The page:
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Snails Sea Slugs and Limpets: Gastropoda

Behavior And Reproduction

Like most animals, gastropods must feed, fight, flee, and mate. To do all this they have developed many different behaviors. Most species sense their world through the presence of certain kinds of chemicals produced by their foods and other members of their own species. Aquatic species regularly move up and down in the water at certain times of the day in search of food and mates. Depending on the species, they may become active during the day or at night, whenever they are least likely to be attacked by predators.

Gastropods usually require both males and females to reproduce, although some species are hermaphroditic (her-MAE-fro-DIH-tik). Hermaphroditic individuals either have the reproductive organs of both sexes at the same time or start out as males and later become females. In most species, the males transfer sperm, or packets of sperm, directly into the female's reproductive system. The sperm is stored in a special sac. Fertilization takes place only when the eggs are laid. The eggs are laid or released individually or in groups. The eggs of species living in water usually hatch into larvae (LAR-vee) known as veligers (VEL-ih-jerz). The veliger has a special, round feeding organ lined with hairlike cilia (SIH-lee-uh) that it also uses for swimming. It also has a foot, shell, and other adult features. During this stage a single, powerful muscle, usually permanently twists the body and shell, if present. In some snails, including those living on land, the veliger stage takes place inside the egg, which then hatches into a tiny version of the adult.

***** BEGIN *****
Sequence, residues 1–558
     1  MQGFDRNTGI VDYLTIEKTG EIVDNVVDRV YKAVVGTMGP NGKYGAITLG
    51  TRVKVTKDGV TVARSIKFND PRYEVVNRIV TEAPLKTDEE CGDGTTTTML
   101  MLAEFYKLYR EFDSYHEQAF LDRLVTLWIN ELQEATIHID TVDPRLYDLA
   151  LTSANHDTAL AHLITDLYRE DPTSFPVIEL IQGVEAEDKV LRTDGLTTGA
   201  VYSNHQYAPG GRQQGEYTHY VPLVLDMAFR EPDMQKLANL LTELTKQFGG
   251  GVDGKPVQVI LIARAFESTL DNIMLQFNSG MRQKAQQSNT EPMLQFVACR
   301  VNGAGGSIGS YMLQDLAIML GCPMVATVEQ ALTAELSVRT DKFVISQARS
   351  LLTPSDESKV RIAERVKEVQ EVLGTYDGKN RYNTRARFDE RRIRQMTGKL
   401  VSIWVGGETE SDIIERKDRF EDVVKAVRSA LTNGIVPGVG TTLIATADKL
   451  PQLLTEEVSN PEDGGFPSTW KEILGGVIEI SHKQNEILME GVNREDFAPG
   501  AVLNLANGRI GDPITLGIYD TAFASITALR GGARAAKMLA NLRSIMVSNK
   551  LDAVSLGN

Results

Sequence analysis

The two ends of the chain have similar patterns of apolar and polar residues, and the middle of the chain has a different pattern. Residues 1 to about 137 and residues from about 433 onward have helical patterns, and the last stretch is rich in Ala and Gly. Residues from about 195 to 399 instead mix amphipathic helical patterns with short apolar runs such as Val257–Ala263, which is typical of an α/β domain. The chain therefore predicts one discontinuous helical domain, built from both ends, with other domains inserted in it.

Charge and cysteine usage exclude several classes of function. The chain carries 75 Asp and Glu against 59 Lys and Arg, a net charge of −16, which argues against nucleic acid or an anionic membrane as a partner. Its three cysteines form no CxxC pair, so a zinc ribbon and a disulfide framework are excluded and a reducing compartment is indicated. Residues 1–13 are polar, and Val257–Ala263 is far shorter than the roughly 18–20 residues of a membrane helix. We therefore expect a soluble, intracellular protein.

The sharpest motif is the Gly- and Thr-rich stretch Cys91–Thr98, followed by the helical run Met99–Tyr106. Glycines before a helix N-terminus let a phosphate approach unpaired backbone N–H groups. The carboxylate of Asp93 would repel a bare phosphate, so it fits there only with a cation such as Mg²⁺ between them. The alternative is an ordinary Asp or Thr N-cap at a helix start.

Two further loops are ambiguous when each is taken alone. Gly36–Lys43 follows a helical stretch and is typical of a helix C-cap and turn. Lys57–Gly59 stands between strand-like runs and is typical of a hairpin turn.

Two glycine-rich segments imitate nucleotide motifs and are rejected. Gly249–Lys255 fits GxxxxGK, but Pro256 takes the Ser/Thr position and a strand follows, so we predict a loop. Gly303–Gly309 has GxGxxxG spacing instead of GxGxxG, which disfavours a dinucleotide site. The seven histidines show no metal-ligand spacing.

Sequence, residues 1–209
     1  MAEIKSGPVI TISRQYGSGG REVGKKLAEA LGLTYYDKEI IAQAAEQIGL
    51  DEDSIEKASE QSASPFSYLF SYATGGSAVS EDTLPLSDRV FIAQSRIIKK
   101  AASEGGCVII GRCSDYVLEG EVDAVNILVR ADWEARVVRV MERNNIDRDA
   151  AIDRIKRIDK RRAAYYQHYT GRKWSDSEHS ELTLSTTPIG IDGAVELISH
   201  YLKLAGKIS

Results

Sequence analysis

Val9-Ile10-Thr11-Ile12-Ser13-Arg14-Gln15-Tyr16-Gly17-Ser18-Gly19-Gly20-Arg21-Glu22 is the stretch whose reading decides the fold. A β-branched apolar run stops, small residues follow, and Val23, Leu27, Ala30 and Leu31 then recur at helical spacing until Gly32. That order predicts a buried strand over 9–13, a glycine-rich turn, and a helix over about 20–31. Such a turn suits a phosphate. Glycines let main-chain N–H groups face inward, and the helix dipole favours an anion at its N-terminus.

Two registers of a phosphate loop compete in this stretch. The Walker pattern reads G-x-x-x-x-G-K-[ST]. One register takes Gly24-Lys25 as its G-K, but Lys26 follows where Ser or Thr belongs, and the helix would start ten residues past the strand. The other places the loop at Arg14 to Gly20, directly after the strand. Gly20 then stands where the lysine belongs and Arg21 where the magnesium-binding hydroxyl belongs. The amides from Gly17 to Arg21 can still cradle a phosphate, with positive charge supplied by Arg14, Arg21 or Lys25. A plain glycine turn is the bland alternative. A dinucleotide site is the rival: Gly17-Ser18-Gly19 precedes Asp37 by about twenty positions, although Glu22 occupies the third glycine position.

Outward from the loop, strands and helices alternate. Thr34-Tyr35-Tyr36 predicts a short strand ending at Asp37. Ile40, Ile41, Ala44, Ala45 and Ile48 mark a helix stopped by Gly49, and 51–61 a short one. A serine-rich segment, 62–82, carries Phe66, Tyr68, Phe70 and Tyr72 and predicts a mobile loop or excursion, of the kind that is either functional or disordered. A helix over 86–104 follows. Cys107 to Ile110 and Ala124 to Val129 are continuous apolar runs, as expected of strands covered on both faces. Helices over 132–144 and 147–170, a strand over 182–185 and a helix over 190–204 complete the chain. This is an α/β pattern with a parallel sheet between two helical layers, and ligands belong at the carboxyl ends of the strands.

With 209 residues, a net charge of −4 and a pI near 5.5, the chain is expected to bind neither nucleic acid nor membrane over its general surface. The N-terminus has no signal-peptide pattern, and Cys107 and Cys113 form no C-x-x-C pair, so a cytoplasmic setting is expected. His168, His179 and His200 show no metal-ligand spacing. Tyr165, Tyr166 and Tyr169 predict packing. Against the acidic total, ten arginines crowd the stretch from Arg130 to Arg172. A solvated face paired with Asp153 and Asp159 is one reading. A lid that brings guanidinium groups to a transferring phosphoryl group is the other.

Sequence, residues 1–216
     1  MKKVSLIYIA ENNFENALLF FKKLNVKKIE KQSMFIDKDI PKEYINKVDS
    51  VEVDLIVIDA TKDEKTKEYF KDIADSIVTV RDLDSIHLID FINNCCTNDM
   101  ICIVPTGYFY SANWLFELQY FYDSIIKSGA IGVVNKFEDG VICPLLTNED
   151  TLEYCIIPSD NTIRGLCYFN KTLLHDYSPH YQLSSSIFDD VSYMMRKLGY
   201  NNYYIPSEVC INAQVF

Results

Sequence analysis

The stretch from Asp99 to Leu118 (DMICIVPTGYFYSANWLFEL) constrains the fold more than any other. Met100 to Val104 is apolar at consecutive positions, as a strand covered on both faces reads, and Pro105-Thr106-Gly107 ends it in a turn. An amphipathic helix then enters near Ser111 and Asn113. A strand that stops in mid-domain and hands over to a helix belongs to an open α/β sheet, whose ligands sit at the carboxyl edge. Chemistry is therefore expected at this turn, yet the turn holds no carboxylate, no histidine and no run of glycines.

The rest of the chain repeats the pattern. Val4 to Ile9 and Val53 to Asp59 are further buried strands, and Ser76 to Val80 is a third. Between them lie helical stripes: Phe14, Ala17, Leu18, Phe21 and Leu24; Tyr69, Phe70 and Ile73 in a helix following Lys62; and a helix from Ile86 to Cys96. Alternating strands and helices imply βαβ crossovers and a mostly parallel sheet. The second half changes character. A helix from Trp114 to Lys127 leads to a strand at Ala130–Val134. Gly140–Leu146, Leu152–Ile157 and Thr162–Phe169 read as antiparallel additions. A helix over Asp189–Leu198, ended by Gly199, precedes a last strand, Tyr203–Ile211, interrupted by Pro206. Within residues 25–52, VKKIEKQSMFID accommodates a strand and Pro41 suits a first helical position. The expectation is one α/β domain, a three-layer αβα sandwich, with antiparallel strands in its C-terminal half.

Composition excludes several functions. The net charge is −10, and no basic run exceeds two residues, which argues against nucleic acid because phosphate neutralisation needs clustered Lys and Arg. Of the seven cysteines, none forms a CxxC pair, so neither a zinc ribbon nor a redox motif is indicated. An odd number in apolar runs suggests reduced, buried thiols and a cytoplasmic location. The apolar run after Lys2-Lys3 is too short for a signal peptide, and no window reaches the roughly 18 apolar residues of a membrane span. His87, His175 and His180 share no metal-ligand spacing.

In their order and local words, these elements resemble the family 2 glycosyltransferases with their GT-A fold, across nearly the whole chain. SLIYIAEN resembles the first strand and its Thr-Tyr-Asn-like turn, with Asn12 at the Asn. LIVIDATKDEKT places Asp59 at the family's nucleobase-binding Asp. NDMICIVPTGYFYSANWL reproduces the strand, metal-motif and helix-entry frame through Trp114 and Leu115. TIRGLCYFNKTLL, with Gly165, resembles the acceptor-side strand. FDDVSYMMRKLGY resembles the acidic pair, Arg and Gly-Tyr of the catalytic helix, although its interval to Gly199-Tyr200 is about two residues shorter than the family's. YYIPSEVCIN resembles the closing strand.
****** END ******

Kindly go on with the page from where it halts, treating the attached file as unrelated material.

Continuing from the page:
Additional topics

Animal Life ResourceMollusks, Crustaceans, and Related SpeciesSnails Sea Slugs and Limpets: Gastropoda - Physical Characteristics, Behavior And Reproduction, Gastropods And People, No Common Name (corolla Spectabilis): Species Accounts - GEOGRAPHIC RANGE, HABITAT, DIET, CONSERVATION STATUS